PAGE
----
Let us strive to create “Raging Angels”.

In the lead up end of year dance concerts, and the annual shopping frenzy that surrounds Christmas, this guest post by Sonia Lyne, Program Director for Victoria, and her newest team member, Amanda Hull, is timely.

Amanda begins:

I recently attended my 5-year old cousin’s dance recital. It was the most unsettling experience. I witnessed a group of 40 or more pre-kinders dressed in hot pants and mid-riff halters wearing fake eyelashes, layers of foundation, bright blue eyeshadow, and candy apple lipstick doing club dances and “dropping it like it’s hot”. I have to tell you, it was anything but hot. The only thing that was hot were my blushing cheeks and swelling sense of injustice. These precious little innocents were being exposed to (and exposing the viewer to) some of the raunchiest dance moves I’ve seen this side of a “gentlemen’s club”. Strangely enough, I appeared to be the only embarrassed person in the crowd. All the other parental faces were beaming with pride.

I spend many of my days dancing with pre-kinders to Wiggles songs and various other nursery rhymes. I am quite familiar with a way a child naturally dances. They are full of giggly excitement, with bouncing feet and clapping hands. Children who dance, when not performing choreographed moves and wearing costumes designed by adults, look nothing like the “Sportz Bratz Dance” wannabees I saw in action. 

When I asked my cousin’s parents what they thought of the girls’ dance costumes they replied that they looked “adorable” and that the girls were simply wearing what the dance teacher mandated for the performance.

I want to start a one woman revolution! I want to start my own dance company in my backyard with bumblebee, butterfly, ladybug, etc, costumes and age-appropriate dance moves!

There are other (less extreme) ways around this conformism too, and it must start at home. Upon reflection, I can now see that many of the mothers at this dance recital were like 5-year old girls themselves, dressing up their daughters and playing with them just as a child would a Bratz doll. I felt the pain of mothers who were influenced themselves by the myths of the media, doing their best to stay ever-youthful, thin, painted, and “sexy” for their mates.

How sad.  

I treasure the real beauty of women: their ability to reproduce, to run a household, to kiss an injury and magically make it better, to demand justice for their children, and insist on preserving their innocence. Unfortunately, these are not the traits that our society upholds as “beautiful”. I felt for these mothers and wanted to present a few Enlighten Education workshops to them, in the hopes that the positive, self-affirming messages would also trickle down to the daughters.

Sonia continues:

Yes, we can all be change-makers. And yes, it does start at home and with the decisions we make about what is, and is not, ok for our daughters.

Amanda and I had the honour of attending a forum recently hosted by St Michael’s Grammar School. “The Early Sexualisation of Children and Young Teens” forum was presented by popular actress Noni Hazelhurst and Julie Gale, founder of Kids Free 2B Kids and comedy writer/performer. Both speakers were informative and captivating.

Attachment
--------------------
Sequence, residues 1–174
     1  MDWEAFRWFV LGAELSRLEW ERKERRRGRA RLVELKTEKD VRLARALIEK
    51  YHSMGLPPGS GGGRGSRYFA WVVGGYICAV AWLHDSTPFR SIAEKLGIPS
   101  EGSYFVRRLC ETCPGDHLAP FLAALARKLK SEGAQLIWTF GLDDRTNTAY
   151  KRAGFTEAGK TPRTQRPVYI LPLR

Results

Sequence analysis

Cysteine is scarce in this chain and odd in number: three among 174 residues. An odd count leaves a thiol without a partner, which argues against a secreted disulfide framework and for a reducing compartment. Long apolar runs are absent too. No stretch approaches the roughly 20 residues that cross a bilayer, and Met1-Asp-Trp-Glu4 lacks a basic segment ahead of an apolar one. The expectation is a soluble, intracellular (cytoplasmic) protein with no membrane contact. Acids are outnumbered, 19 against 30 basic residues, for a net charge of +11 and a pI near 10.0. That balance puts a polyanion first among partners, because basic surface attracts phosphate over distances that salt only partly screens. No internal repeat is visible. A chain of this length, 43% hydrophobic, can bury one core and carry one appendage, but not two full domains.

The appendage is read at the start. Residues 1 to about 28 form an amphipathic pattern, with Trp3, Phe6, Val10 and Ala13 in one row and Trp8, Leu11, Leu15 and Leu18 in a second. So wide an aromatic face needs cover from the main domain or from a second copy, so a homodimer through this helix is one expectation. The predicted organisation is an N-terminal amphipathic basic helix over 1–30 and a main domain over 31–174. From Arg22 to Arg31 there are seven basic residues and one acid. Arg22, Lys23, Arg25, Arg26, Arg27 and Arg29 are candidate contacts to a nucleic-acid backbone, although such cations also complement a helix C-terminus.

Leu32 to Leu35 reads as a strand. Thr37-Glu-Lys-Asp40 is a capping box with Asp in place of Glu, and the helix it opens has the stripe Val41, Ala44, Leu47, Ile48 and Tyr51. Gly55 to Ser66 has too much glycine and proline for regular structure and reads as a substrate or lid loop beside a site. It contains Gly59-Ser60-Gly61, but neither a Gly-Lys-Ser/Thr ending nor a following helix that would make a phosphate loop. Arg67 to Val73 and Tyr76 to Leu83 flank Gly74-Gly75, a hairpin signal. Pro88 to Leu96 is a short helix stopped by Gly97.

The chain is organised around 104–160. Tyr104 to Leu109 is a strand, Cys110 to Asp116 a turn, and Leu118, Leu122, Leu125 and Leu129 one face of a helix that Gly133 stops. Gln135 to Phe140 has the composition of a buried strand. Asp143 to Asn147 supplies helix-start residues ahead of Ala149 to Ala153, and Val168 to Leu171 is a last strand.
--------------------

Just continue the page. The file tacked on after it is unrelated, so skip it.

There were numerous occasions where I found myself nodding pleasantly in agreement and other times where I found myself consumed with either anger or optimism, stirred by their statements. One of those poignant moments was when Noni Hazelhurst announced she wanted to create a room of “Raging Angels”. YES YES YES… 

Don’t we all have a strong desire to be active guides in our girls’ lives – and active against the toxic messages they are presented with? 

As a parent, I do my best to be a “Raging Angel”. I do filter and ”switch off” but I am also aware that at times I am no match for the endless avenues of sexualised imagery that appears on billboards, mobiles, at cinemas, shopping malls and supermarkets. I recently visited a toy store and upon entering the girls section I felt overwhelmed by the raunchy nature of the branded dolls section. Obviously the Bratz dolls were leagues ahead of the rest but it was sad to see that many of the other branded dolls now look very similar. Even Barbie has succumbed and taken a turn for the worst. I thought to myself, “This is not good enough for our little girls, how far will these companies go?”… alas, further than I anticipated. The following clip clearly illustrates the irresponsible nature of the minds behind these dolls. Somehow I don’t think the Bratz team were sitting around their meeting table discussing the value they can add to little girl’s lives when they came up with this “ingenious” idea.


So wrong on so many levels!!!

As Christmas is fast approaching I wanted to find alternatives to these ridiculous dolls. It is easy to criticise, but I do not just want to just deconstruct – I also want to offer alternatives!

I was able to find the following dolls for younger girls that clearly allow for creativity, exploration and yet still maintain childhood innocence.

The Only Hearts Club™, is a content-based brand of dolls for real girls that is drawing raves for combining beautiful, real-looking dolls, with content that delivers a much-needed, positive message to girls. Only Hearts Club™ dolls look and dress like real girls, and they deal with the same experiences and issues as well. You can click on the following link to find out more: http://www.onlyheartsclub.com. How interesting it is to compare the Only Hearts Sports doll (above) with the Bratz Sportz doll Amanda included in her opening!